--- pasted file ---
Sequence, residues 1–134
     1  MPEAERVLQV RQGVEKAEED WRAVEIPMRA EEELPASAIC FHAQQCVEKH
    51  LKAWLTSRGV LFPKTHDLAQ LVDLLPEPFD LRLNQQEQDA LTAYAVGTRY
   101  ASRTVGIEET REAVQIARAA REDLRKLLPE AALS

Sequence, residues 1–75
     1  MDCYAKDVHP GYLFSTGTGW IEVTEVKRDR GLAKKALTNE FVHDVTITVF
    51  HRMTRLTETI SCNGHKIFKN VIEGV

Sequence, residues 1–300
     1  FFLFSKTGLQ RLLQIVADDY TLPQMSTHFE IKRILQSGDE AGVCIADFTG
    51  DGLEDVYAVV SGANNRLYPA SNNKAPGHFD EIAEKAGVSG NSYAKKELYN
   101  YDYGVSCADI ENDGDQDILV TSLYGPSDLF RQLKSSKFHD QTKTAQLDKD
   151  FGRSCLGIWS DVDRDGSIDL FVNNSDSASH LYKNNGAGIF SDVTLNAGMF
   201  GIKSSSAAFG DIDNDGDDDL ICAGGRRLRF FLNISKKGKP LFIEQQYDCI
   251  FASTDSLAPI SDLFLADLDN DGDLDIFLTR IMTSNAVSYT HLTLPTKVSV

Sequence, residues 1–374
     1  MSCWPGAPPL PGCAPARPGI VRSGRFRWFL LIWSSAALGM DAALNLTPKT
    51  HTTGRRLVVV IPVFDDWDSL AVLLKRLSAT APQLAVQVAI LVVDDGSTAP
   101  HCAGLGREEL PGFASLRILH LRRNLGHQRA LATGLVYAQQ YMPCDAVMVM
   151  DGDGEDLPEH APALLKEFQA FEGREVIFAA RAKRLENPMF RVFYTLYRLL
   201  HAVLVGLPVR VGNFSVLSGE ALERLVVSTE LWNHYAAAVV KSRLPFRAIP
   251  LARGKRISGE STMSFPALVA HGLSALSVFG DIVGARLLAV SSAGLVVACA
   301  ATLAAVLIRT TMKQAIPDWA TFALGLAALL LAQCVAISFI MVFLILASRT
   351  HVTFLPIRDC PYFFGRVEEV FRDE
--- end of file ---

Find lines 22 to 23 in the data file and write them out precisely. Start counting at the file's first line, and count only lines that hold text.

   301  ATLAAVLIRT TMKQAIPDWA TFALGLAALL LAQCVAISFI MVFLILASRT
   351  HVTFLPIRDC PYFFGRVEEV FRDE